Heather Williams is a Global Solutions Engineer at Ruckus Networks. Previously she served as the dedicated nerd for Ruckus' distributors, DMRs, and national accounts. She is an industry expert in Wi-Fi with more than two decades of experience in developing and delivering certification training for enterprise and carrier network products including Wi-Fi, edge and core switches and routers, ATM, and Frame Relay. Heather has been instrumental in designing and developing wireless networks and providing technical support for accounts. In her spare time, she serves as the Wi-Fi engineer for BlackHat international events and as a volunteer with ITDRC.org.
Christopher Mitchell is the Director of the Community Broadband Networks Initiative with the Institute for Local Self-Reliance (ILSR) in Minneapolis. Mitchell is a leading national expert on community networks and Internet access. Within his capacity at ILSR, he also serves as the policy director for Next Century Cities, a national collaboration of mayors and CIOs seeking universal access to fast, affordable, and reliable Internet connections. Mitchell runs MuniNetworks.org, the comprehensive online clearinghouse of information about local government policies to improve Internet access. Their interactive community broadband network map tracks more than 500 such networks. He also hosts podcasts, including Community Broadband Bits and Building Local Power. In 2015, the White House used ILSR's research as building blocks in a National Economic Council report encouraging community networks. In 2012 he was named to the Top 25 in Public Sector Technology by Government Technology.
amalia deloney is the Program Director at the Media Democracy Fund. She has more than 20 years of experience in community organizing and policy advocacy, and is a nationally recognized leader, speaker and trainer on human rights, cultural rights and traditional knowledge. Throughout her career, amalia has used her extensive experience for field-building, community-building, and policy advocacy. Born in Guatemala, she earned her B.A. in Urban Studies and History and her J.D. with a focus on Social Justice, with additional study in International Human Rights at the University of London's Institute for Advanced Legal Studies. amalia currently sits on the board of Arts & Democracy, and Charlotte’s Leading on Opportunity Council.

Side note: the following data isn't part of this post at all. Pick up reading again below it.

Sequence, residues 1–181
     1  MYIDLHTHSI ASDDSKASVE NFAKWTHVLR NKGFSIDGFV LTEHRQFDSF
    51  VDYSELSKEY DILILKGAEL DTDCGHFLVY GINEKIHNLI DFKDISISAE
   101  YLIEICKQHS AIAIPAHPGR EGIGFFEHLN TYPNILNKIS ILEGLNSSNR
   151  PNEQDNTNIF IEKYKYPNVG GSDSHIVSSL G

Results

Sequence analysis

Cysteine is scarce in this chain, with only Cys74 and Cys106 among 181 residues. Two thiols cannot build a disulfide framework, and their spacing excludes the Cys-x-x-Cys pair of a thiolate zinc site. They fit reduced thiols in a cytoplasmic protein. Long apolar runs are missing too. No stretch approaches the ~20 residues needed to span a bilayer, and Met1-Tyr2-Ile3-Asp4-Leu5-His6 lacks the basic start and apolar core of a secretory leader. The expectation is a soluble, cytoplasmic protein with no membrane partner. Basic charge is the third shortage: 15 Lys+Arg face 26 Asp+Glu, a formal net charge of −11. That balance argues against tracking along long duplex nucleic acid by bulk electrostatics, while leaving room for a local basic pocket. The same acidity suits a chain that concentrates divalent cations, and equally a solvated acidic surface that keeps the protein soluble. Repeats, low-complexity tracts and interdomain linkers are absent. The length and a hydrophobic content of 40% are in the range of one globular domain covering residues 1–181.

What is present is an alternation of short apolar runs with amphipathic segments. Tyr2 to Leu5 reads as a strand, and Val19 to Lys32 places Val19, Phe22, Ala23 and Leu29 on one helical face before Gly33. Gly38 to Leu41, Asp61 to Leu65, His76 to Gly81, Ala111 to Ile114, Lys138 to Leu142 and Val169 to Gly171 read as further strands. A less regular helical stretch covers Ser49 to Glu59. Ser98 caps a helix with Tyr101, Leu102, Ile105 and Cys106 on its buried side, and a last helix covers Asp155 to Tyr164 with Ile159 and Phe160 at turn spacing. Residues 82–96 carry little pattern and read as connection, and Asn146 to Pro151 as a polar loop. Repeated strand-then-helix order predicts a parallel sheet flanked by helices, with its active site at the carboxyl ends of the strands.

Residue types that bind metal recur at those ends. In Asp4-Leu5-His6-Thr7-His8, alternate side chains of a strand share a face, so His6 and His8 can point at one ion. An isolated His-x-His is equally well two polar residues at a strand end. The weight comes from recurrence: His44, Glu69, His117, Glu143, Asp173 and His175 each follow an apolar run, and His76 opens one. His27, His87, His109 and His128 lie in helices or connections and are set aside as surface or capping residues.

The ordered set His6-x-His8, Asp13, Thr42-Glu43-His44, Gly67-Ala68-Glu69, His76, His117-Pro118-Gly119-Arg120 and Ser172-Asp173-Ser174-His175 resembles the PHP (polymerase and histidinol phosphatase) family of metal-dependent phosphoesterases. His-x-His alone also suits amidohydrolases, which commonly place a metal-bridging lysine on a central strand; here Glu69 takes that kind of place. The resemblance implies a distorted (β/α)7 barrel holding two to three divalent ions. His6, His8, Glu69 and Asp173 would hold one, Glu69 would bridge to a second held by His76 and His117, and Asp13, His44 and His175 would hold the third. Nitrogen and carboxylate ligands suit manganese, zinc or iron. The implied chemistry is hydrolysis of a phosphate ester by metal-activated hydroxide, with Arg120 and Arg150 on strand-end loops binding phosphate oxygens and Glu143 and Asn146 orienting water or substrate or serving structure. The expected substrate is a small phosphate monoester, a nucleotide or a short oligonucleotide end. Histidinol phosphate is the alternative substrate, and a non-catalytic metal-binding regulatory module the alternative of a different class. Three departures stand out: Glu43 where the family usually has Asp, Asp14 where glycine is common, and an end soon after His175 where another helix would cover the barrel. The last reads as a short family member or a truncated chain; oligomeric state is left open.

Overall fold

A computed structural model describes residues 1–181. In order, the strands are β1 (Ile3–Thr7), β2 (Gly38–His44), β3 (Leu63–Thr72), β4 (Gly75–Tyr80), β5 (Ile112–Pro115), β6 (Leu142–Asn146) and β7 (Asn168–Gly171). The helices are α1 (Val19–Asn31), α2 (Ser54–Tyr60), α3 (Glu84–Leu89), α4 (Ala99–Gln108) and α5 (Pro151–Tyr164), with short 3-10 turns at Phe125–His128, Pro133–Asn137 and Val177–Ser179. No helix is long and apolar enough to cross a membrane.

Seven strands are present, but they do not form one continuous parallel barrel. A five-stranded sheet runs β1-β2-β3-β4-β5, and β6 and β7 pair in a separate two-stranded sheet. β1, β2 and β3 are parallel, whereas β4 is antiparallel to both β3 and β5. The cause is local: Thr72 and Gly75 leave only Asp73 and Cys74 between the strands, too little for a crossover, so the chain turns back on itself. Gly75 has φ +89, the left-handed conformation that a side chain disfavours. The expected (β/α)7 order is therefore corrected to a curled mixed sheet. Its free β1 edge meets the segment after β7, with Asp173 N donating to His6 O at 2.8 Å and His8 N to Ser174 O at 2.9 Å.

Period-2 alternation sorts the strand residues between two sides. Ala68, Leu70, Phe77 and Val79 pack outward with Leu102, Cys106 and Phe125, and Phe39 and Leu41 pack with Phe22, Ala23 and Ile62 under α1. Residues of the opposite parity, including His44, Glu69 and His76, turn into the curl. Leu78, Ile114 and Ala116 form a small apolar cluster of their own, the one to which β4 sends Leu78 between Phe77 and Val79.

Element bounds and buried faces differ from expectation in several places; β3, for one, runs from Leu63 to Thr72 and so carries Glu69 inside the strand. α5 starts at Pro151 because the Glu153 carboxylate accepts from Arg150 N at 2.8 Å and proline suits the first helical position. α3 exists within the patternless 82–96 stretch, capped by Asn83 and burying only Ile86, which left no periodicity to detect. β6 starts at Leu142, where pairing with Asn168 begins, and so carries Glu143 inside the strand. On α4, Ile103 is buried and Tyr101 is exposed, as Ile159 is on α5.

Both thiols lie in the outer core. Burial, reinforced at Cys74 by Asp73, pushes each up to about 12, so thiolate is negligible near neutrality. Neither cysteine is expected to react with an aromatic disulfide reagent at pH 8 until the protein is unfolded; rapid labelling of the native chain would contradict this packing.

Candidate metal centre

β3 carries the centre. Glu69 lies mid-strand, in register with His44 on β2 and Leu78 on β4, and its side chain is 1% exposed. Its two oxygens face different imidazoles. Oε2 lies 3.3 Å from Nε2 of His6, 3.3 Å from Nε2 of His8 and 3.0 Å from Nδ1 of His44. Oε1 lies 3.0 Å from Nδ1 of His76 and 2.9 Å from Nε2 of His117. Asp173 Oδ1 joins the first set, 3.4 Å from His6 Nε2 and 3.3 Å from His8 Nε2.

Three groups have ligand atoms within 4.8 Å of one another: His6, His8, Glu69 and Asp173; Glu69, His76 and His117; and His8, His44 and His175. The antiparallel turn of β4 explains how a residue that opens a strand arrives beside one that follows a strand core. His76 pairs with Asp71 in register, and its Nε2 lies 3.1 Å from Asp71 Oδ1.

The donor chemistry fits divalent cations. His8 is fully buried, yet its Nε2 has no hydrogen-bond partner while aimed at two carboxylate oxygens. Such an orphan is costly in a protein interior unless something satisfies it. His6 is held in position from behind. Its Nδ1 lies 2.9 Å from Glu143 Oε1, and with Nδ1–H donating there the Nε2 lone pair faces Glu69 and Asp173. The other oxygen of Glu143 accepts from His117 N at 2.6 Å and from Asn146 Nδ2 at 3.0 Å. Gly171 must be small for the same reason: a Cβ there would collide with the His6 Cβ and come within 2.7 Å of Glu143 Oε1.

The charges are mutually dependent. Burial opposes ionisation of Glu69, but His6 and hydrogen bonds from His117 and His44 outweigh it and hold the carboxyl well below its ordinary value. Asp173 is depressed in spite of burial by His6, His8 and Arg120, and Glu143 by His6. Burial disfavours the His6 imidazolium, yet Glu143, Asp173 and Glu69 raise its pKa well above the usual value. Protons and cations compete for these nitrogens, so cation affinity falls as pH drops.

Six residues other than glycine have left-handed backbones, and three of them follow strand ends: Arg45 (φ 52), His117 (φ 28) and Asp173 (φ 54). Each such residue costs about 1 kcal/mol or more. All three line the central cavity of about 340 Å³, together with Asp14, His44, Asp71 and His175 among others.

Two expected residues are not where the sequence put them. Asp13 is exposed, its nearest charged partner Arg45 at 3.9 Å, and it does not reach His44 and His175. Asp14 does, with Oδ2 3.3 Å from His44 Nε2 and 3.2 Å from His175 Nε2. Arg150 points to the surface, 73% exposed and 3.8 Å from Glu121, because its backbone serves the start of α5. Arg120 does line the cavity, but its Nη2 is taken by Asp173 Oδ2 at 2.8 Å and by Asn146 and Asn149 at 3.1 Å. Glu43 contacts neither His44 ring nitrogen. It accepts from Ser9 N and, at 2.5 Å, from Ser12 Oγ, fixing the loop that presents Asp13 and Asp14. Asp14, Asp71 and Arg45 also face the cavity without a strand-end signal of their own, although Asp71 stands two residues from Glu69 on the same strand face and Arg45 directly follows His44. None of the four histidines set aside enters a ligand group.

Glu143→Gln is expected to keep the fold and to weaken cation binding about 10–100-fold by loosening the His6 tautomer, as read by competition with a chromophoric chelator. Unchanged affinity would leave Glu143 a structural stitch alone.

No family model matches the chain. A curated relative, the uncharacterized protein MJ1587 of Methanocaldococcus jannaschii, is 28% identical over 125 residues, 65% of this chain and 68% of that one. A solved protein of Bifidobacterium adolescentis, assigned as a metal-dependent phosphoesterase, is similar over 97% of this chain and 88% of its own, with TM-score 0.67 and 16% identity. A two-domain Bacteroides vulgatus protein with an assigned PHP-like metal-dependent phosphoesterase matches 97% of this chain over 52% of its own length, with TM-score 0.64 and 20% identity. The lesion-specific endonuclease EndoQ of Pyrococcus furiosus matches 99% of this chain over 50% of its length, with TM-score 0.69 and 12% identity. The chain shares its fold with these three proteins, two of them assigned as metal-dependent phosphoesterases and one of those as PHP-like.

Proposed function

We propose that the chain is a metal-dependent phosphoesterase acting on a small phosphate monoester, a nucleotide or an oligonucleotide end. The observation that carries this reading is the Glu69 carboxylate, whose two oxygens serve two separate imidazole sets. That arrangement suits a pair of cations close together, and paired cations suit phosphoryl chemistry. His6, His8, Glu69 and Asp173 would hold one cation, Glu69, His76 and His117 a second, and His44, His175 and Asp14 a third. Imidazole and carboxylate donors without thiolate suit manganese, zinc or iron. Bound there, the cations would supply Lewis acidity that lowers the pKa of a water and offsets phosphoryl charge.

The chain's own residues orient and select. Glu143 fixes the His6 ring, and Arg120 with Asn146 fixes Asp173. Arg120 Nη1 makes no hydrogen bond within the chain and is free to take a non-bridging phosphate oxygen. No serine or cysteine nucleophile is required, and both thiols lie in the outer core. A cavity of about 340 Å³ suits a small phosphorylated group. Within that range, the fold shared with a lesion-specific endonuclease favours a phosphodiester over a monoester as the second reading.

Amina Fazlullah promotes policies that support broadband connectivity in rural and vulnerable communities. Amina also volunteers as a Policy Advisor to the National Digital Inclusion Alliance where she is also a member of the Board of Advisors. She has led efforts to develop policies that support broadband deployment, digital inclusion, and digital equity efforts across the United States. Amina has worked on a broad range of Internet policy issues including Universal Service, consumer protection, antitrust, net neutrality, spectrum policy and children's online privacy. She has testified before Congress, the Federal Communications Commission, the Department of Commerce, and the Federal Trade Commission.
Ryan Gerety is a fellow at the Ford Foundation, where she investigates how technology impacts inequality. Over the last ten years, she has worked on issues ranging from data-driven redlining in cities to digital equity. While at the Open Technology Institute, she established a small grants fund for community-owned broadband infrastructure and provided technical and community organizing support to those projects. Ryan holds a master’s degree in political science, with a focus on the political economy of development, and a bachelor’s degree in computer science, with a concentration on complex adaptive systems, from the University of New Mexico.
Tony Batalla serves as the Head of Information Technology for the City of San Leandro, CA. Since his appointment in February, 2014, he has helped launch a 10 gigabit internet connection at City Hall and a free, public Wi-Fi system utilizing the City’s fiber optics network. He oversees all aspects of technology, including infrastructure, service delivery, and data management and acts as the senior advisor to City Council on technology policy. He is also the Co-Chair of the Global Cities Team Challenge Public Wi-Fi SuperCluster. He holds an MBA from UCLA Anderson and a BS from the University of San Francisco.